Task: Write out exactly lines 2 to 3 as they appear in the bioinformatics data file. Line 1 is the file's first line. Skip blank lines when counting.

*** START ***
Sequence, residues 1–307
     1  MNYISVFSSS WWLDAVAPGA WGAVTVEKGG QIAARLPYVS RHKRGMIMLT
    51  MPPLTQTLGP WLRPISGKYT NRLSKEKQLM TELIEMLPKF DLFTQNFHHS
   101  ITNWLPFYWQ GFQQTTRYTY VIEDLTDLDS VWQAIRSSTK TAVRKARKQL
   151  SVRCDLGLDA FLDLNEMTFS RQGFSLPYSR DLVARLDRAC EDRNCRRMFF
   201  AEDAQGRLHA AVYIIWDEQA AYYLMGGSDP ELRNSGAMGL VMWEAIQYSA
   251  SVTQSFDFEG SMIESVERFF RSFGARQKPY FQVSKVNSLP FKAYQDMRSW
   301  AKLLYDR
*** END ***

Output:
     1  MNYISVFSSS WWLDAVAPGA WGAVTVEKGG QIAARLPYVS RHKRGMIMLT
    51  MPPLTQTLGP WLRPISGKYT NRLSKEKQLM TELIEMLPKF DLFTQNFHHS